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Econ 919 — Passing a PFD

Photo: KTOO file photo

Alaskans can expect their Permanent Fund Dividend checks in mid-October. The Legislature signed off on $1,100 PFDs this week.

It was a scramble to get the PFD plan across the finish line in the final hours of the Legislature’s third special session.

“You know, it’s interesting because it’s starting to feel like that often down in Juneau,” said Soldotna Republican Sen. Peter Micciche. “Being the third special session, of course, we’ve had that last-day feeling three times.”

This year — like many years before it — the Legislature came close to shutting down, with matters like the size of the PFD hamstringing progress on a budget. 

The budget ultimately did pass, in June. But Dunleavy vetoed the proposed PFD funding, saying it was insufficient. He convened special sessions so the Legislature could work it out.

The House ultimately came up with a $1,100 dividend. And as the clock ran out on the third special session, the Senate had no choice but to pass that proposal. Not doing so would have meant a $0 dividend.

In the final hours of the session, the Senate also briefly considered Senate Bill 53.

The bill proposes eventually reaching a formula in which half of the annual withdrawal from the permanent fund would go to the PFD. The other half would go to government services.

The split outlined in SB53 would be conditional on the state adding $700 million in new taxes or other revenue. 

Gov. Mike Dunleavy first proposed a 50-50 split earlier this summer, on different terms. He wanted that formula to be put in a constitutional amendment.

Micciche said he supports the Senate bill.

“If we’re going to solve the long-term fiscal issues in our state — I mean, this is year six, and it took 15 years to get to the beginning of year six — then we’re going to have to be more than willing to compromise,” he said.

The bill did not advance. And as it stands, the Legislature’s long-term budget woes are still far from solved.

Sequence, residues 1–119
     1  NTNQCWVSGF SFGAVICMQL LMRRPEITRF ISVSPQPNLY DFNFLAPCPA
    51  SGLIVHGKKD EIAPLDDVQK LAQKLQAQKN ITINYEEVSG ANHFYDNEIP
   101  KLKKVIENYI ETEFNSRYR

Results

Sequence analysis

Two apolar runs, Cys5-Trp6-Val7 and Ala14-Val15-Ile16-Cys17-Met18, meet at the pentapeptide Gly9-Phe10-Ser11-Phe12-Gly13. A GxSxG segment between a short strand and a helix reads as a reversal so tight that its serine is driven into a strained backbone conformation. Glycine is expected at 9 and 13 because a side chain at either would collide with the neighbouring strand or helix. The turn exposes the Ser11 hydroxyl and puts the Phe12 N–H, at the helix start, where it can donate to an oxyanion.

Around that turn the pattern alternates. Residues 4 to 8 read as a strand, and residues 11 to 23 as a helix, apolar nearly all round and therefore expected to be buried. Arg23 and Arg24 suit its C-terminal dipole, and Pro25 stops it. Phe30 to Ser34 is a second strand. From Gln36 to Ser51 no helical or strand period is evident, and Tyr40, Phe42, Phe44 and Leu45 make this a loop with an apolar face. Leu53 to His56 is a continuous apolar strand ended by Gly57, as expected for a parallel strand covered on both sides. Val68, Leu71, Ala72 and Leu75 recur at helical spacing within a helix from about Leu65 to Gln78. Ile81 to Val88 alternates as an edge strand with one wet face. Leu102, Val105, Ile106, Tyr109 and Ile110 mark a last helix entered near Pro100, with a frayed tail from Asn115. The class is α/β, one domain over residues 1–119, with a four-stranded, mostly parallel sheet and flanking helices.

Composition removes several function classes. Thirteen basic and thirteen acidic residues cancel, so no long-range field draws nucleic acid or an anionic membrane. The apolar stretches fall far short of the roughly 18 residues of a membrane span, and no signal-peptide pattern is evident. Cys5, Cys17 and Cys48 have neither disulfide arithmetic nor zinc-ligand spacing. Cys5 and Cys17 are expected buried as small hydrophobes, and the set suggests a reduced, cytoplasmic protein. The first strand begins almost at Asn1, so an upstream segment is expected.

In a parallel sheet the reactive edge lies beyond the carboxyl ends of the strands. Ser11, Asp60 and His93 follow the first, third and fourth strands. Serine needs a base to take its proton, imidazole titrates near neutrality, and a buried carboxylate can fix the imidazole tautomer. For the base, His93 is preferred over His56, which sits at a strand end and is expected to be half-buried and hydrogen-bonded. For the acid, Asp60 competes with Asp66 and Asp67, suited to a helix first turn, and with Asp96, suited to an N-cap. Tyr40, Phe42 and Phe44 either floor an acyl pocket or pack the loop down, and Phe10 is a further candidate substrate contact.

A group of eight Alaska lawmakers from each of the four caucuses met this summer to chip away at those problems.

The group came up with a broad list of recommendations, released in a final report. They include implementing a PFD formula based on the value of the permanent fund, pursuing spending cap reform and having a “‘transition period’ with one-time fiscal measures” over the course of several years.

Micciche said he’s hopeful the group could be a microcosm of cooperation amongst the larger body. 

“Those folks don’t hang out in the evenings,” he said. “They don’t spend the weekends together. So if those eight can come together — maybe not on the perfect solution, because there is not a perfect solution, but a menu of options — then the Legislature must be able to do the same. And I have hope that we can.”

Lawmakers would be wise to not fully unpack their bags just yet.

Dunleavy said he's convening a fourth session next month to hammer out a long-term fiscal plan. And even though he didn’t veto the $1,100 PFD, he said he’d like to see the Legislature pass “the rest of this year’s PFD.” In August, Dunleavy proposed a PFD of $2,350.

Regardless of the size of the dividend, there are hundreds of Alaska nonprofits that look forward to its arrival every year.  

The Kenai Peninsula Food Bank averages over $15,000 annually from Pick. Click. Give. program, which allows Alaskans to donate part of their PFDs to charities around the state. 

“The Pick. Click. Give. donations have a huge impact on the Kenai Peninsula Food Bank's ability to provide food to the Kenai Peninsula,” said Donor Relations Specialist Randi Smith.

Smith said it could be particularly important when other fundraisers are canceled or curtailed. This year, the food bank put its Soup Supper online.

“We have amazing donors who hang with us through thick and thin,” Smith said. “But, of course, we don’t have the bidding traffic we normally would’ve had.”

Smith said the Food Bank got over $16,000 from Pick. Click. Give. last year.

As for how Micciche spends his own PFD:

“I know exactly what I do,” he said. “I’ve never seen one of them.”

Like many Alaskans, he sends his straight to the bank.

The PFD Division estimates it will have payments distributed within 30 days.

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